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Professional education events are heavily sponsored by drug companies promoting their products as the solution. This widely used coercive and misinformation technique where drug benefits are exaggerated and side effects minimized was exposed in a recent BMJ Open study.
The online medical journal BMJ Open recently published a retrospective cohort study titled Does industry-sponsored education foster overdiagnosis and overtreatment of depression, osteoporosis and overactive bladder syndrome? An Australian cohort study. Looking at publicly reported industry-sponsored events in Australia from October 2011 to September 2015, the researchers focused on three conditions subject to over diagnosis and over treatment: depression, osteoporosis and overactive bladder.
Over the 4-year study period 3,132 events were identified consisting of approximately 96,660 attendees. These events were attended by primary care doctors more often than sponsored events without a focus on the three conditions identified in the study. The researchers found a strong concentration of sponsorship among just a few companies. Two companies sponsored over 70% of depression events; another two companies over 80% of overactive bladder events.
The researchers concluded the following:
"…primary care clinicians were often targeted, dinner was often provided and that a few companies sponsored most events. In most cases, sponsors’ products are not cost-effective choices for the specified condition.”
The researchers initially hypothesized that company’s marketing treatments for each condition would sponsor related events and that target audiences would mainly work in primary care, reflecting a broad patient population. What they found was in alignment with their hypothesis. The results from the study showed the following:
"Servier, which markets agomelatine and AstraZeneca (quetiapine) sponsored 51.2% and 23.0% of depression events, respectively. Amgen and GlaxoSmithKline, which co-market denosumab, sponsored 49.5% of osteoporosis events and Astellas and Commonwealth Serum Laboratories (CSL) (mirabegron and solifenacin) sponsored 80.5% of overactive bladder events.”
The study highlights the need for professional education to be free of commercial sponsorship. Medical professionals are continually influenced, both directly and indirectly, by pharmaceutical and commercial interests which can have negative, real-world consequences for their patients.
While the recent Australian study highlights the problem of industry-sponsored influence, another more insidious method may be just as alarming. The fraudulent and selective nature of industry-sponsored research often captures the intellectual and regulatory pillars of medicine. For example, in 2015 the BMJ published Restoring Study 329, a decade-long effort by researchers to uncover the truth about the health risks and treatment value of an antidepressant approved for use by adolescents. Using the same data GlaxoSmithKline used to market their blockbuster antidepressant Paxil, researchers doing the restorative study 14 years later found that,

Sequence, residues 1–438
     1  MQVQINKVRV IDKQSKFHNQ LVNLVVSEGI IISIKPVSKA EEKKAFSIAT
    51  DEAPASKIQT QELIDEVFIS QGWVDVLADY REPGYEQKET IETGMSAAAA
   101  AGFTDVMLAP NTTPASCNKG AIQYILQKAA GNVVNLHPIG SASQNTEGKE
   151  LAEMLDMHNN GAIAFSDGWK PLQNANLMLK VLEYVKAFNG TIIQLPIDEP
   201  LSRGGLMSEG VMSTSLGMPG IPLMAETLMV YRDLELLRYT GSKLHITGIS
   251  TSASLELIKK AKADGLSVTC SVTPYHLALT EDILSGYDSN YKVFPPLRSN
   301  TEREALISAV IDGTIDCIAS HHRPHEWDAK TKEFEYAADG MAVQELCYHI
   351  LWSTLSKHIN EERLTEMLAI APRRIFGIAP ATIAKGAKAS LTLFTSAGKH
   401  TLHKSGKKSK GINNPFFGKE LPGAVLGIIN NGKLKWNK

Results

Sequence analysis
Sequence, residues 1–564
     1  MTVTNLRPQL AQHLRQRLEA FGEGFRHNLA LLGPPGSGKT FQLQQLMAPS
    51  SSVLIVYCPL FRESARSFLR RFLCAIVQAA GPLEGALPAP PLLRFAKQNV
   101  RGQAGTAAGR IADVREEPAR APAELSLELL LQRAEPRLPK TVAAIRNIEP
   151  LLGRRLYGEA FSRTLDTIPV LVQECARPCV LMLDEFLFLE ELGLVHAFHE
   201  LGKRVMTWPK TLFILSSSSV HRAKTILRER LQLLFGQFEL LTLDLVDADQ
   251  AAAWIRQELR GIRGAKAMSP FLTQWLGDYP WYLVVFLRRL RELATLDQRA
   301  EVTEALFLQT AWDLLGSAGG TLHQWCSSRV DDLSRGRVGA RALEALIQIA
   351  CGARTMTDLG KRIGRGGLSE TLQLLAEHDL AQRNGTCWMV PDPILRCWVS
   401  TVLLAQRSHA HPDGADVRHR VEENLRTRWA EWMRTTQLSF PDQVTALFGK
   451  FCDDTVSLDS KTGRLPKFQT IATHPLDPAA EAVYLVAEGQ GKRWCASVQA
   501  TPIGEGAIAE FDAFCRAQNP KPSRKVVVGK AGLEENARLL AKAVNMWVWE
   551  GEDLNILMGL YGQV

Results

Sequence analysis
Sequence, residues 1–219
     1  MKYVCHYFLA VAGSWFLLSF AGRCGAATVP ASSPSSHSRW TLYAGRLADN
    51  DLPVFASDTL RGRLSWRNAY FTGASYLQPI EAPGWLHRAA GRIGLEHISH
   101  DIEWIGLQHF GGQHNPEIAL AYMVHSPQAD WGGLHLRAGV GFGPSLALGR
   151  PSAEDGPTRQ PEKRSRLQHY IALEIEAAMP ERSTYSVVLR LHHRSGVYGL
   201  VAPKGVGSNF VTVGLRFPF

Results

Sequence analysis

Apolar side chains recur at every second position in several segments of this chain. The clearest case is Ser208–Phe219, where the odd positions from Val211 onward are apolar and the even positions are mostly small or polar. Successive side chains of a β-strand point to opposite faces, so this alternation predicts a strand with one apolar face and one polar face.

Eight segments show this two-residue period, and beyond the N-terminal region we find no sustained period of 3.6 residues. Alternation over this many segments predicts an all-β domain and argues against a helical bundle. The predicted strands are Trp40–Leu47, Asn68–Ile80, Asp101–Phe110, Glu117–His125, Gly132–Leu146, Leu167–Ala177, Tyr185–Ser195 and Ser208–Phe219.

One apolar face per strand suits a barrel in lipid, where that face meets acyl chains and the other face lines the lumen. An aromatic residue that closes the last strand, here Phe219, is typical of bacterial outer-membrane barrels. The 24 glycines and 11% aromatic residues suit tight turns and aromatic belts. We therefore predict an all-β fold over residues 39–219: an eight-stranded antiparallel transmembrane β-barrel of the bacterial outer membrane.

“Neither paroxetine nor high-dose imipramine demonstrated efficacy for major depression in adolescents, and there was an increase in harms with both drugs.”
Meanwhile, a 2012 Cochrane systematic review found that AstraZeneca’s antipsychotic quetiapine, highlighted in the recent BMJ Australian study, had limited efficacy evidence for depression.
Industry influence upon the knowledge base, prescribing habits and beliefs of medical professionals often renders natural remedies and true healing solutions to depression, osteoporosis and overactive bladder invisible. Modalities with less potential for serious side effects too often become the casualties with the net effect seeing the patient shouldering the burdens of risk and substandard results.
How bad can it get? A look back at the past twenty-years reveals a cautionary tale of a racing American opioid epidemic caused in part by the combination of both industry-sponsored education and fraudulent research.
Dr. David Kessler, U.S. Food and Drug Administration (FDA) commissioner when Purdue Pharma’s opioid OxyContin, the drug that kicked off the American epidemic, won the agency’s green light in 1995 acknowledged,
“No doubt it was a mistake. It was certainly one of the worst medical mistakes, a major mistake.”
It was the first opioid to win the stamp of approval from the FDA, despite the lack of testing and demonstrated proof of the drugs safety and efficacy. Purdue then went on to sent a promotional video to approximately 15,000 doctors who were told OxyContin was “less than 1 percent addictive” — a figure subsequent studies proved false.
Once the overwhelming evidence of devastation from the opioid crisis began to be spotlighted by the media, then-president Richard Sackler of Purdue wrote in a confidential email,
“…we have to hammer on the abusers in every way possible. They are the culprits and the problem. They are reckless criminals.”
Established medicine appears to be at the beginning stages of confronting its industry-sponsored blindspots. As more in the profession began escaping their myopic pharmaceutical shackles in search of true healing, it is essential for patients to empower themselves alongside this awakening become active participants in their individual healing journeys. Please use the GreenMedInfo research dashboard to access over 10,000+ evidence-based topics related to natural and integrative medicine. And share the resource, and this article and others to friends and family, who can subscribe to our complimentary newsletter here.